The last two weeks marked a major milestone in the world of art. Between May 5 and May 15, a record $2.7 billion of art was sold at Christie’s, Sotheby’s, and Phillips during a Spring auction bonanza that included sales of Impressionist and contemporary art (Click HERE). In dollars terms, the sales represent a 23% increase over last year’s Spring auction period.
Pablo Picasso’s painting Les Femmes d’Alger was the star of the season, selling for $179.4 million (Click HERE for a video of the actual auction). Alberto Giacometti’s bronze statue of a pointing man sold for $141.3 million. At one point last week when bidding for Francis Bacon’s Seated Woman crossed $25 million, a pregnant auction house assistant fainted, adding to the drama at the Phillips auction (click HERE). The mood over the two weeks was urgent and frenetic.
So What? Christie’s themed its latest auction “Looking Forward to the Past,” but now that the auction is complete, what does it say about the future? As you might imagine, some commentators have used the opportunity of record-setting prices to suggest it’s time to sell assets (click HERE). Others have warned against using anecdotal evidence about the ultra-wealthy to extrapolate market sentiment (click HERE).
There are good reasons for rising art prices. The rapid growth of duty-avoiding freeports (click HERE) has reduced the transaction costs relating to art as an investment by allowing investors to buy, store, and sell their holdings without ever interacting with tax authorities. Further, the boom in billionaires globally is generating new demand (click HERE). And let’s be honest, there’s really only one Les Femmes d’Alger (Version "O"), right? These are genuinely unique assets.
Despite the allure of such seductive rationalizations, healthy skepticism combined with a careful monitoring of the art market points one to the conclusion that it’s unlikely to be different this time. Record art prices, as manifestations of hubris and overconfidence, should be as disturbing to policymakers and investors as they are exciting to Sotheby’s, Christie’s and Phillips.
By “looking back to the future,” what is clear is that record art prices are often associated with market tops (click HERE for a piece I wrote in 2011). It’s not surprising to me that the most knowledgeable collectors are selling, not buying. Consider the fact that Steven Cohen and Steve Wynn, two of the most active art market participants over the past decade, were both selling last week. Wynn was quoted as saying “I think $179 million is a price you sell a picture at, but not the price you buy it at” (Click HERE).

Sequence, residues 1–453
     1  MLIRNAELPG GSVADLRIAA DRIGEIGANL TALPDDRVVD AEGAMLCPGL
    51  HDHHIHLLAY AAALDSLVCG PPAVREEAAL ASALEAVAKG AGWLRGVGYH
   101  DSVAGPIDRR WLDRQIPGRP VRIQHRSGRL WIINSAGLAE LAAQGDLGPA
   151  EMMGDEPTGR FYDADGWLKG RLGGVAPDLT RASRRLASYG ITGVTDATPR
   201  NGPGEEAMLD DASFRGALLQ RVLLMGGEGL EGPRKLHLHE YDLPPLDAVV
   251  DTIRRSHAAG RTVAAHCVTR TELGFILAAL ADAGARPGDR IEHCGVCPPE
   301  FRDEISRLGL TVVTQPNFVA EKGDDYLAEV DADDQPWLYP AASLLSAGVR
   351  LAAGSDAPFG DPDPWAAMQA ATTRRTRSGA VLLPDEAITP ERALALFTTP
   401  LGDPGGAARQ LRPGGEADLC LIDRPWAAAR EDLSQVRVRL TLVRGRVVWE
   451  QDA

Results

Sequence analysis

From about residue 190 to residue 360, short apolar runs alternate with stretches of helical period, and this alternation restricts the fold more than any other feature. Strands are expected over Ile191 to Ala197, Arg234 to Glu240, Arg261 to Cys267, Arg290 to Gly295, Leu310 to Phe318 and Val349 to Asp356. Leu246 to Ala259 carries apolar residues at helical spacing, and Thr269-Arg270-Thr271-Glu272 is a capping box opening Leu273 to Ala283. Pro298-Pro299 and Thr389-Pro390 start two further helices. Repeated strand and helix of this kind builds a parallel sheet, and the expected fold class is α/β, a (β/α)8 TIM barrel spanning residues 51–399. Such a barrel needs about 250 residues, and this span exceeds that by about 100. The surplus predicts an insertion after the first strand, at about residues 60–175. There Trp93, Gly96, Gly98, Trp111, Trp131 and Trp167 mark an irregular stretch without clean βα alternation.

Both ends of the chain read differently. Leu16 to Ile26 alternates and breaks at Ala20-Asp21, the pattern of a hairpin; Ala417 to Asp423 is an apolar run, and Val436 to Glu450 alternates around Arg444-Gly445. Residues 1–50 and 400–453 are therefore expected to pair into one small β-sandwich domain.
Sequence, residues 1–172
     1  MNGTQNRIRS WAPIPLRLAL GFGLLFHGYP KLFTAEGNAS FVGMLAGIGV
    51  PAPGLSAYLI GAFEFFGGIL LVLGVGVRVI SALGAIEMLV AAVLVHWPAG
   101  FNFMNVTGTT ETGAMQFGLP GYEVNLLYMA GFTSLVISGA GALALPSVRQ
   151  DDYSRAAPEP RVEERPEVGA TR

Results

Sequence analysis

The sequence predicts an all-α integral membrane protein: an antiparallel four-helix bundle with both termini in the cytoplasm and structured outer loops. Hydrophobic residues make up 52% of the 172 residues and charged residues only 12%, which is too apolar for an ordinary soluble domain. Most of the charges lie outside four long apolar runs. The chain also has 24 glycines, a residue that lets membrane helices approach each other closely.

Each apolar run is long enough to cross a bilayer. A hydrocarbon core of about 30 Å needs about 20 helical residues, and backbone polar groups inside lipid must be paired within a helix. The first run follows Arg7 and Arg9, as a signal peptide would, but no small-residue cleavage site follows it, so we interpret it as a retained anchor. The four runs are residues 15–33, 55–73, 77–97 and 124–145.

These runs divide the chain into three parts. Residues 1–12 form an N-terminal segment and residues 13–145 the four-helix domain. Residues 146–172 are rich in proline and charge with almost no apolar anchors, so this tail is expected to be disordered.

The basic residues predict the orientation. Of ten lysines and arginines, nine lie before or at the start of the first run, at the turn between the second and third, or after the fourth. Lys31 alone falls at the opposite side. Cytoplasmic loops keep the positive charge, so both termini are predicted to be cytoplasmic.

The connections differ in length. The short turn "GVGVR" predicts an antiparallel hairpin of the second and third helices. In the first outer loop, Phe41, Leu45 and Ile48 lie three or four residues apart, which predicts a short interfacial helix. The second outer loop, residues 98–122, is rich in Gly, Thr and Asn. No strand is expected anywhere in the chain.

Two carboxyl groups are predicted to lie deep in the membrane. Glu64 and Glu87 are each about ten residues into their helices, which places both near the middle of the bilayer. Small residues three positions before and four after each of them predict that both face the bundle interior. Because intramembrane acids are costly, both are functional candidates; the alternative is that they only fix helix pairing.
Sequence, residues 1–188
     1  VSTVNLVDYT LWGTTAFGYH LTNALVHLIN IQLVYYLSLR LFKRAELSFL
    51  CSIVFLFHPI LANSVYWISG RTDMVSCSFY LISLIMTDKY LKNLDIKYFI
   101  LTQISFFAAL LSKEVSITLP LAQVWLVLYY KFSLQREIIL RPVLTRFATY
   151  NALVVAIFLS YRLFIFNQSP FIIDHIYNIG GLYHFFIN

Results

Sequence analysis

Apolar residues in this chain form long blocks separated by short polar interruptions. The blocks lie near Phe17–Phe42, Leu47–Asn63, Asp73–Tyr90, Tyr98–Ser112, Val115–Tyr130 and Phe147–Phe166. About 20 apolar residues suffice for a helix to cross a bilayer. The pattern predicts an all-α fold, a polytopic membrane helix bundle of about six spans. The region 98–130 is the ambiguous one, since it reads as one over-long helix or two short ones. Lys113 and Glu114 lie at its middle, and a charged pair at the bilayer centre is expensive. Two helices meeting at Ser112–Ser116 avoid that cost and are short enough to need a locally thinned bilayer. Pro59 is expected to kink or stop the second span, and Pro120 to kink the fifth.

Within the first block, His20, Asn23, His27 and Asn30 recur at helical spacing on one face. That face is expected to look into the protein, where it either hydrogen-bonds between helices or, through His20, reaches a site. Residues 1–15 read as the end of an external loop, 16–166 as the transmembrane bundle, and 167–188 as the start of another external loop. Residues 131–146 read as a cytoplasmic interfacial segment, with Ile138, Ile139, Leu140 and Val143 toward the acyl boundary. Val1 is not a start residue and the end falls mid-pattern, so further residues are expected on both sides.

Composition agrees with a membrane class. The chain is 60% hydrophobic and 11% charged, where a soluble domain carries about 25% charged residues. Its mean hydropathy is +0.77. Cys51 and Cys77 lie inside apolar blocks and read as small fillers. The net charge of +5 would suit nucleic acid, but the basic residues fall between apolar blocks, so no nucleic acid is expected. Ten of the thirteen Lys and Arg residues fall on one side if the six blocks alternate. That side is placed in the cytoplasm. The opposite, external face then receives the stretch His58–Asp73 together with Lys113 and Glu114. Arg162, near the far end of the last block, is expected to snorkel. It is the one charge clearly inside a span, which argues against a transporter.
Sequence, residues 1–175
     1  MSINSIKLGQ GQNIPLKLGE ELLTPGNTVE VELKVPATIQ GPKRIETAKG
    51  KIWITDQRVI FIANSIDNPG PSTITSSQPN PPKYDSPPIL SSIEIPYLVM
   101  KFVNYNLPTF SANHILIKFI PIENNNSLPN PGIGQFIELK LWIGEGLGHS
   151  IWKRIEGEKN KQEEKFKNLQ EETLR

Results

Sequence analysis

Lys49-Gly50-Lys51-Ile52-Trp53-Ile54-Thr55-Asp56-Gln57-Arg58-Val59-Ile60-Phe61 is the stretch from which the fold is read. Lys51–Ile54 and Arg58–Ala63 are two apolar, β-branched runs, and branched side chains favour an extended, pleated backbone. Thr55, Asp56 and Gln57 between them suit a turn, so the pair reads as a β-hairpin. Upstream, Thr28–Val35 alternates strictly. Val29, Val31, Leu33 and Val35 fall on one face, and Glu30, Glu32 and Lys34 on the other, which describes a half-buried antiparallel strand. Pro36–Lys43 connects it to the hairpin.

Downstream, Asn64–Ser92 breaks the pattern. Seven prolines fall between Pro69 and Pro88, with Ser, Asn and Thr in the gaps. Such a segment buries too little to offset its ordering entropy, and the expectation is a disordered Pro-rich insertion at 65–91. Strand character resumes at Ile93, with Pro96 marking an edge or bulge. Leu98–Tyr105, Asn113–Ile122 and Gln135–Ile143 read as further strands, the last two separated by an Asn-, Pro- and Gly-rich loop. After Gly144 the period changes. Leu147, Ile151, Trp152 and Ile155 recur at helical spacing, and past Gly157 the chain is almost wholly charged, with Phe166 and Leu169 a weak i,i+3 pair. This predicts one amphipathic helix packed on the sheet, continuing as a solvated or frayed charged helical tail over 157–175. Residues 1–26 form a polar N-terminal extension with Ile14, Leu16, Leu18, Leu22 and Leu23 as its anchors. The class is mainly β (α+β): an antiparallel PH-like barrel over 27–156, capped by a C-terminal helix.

I also think it is not prudent to dismiss the behavior of the ultra-wealthy as just about them. Rather, it’s precisely because these buyers are corporate leaders that their bidding behavior is so insightful. If Macau was still booming, might Wynn have expressed a different sentiment? Or if stock market valuations were less “full,” might Steve Cohen have been a buyer rather than a seller?
Art is also very cyclical, given that prized pieces only come to market relatively rarely. In this regard, the re-emergence of guarantees for sellers is concerning (click HERE) as it pulls supply into the present faster than would naturally be generated by death, divorce, and debt. These are the same dynamics that haunted Sotheby’s in 2008 when they found themselves guaranteeing high prices in a falling market (click HERE). In fact, I’ve long believed that Sotheby’s stock price is a wonderful leading indicator of (over)confidence (click HERE for an article I wrote or HERE for a piece written by The Atlantic).
But Sotheby’s stock price is not hitting new highs. Does this mean we are not in bubble territory? While I believe it is too early to tell (I’d love to see a couple of busted auctions after these record prices!), I am also paying attention to the competitive dynamics between Sotheby’s and Christie’s. Christie’s seems to be taking share and the involvement of activist Dan Loeb and a new CEO at Sotheby’s may have diminished its usefulness as a bubble indicator. In fact, I was stunned to hear the sober-minded and responsible commentary from Sotheby’s new CEO Tad Smith last week indicating that he was not going to engage in a guarantee competition. “We will not roll dice in the auction room with shareholders’ money,” Smith noted.
But one thing remains clear: art markets are flashing a caution sign and given their track record, I believe it’s better at this point for investors to focus on risk of loss rather than on opportunity to gain. Paying $179 million for a painting is a sign of greed, not fear… and as noted by Warren Buffett, it’s better to be fearful when others are greedy and greedy when others are fearful.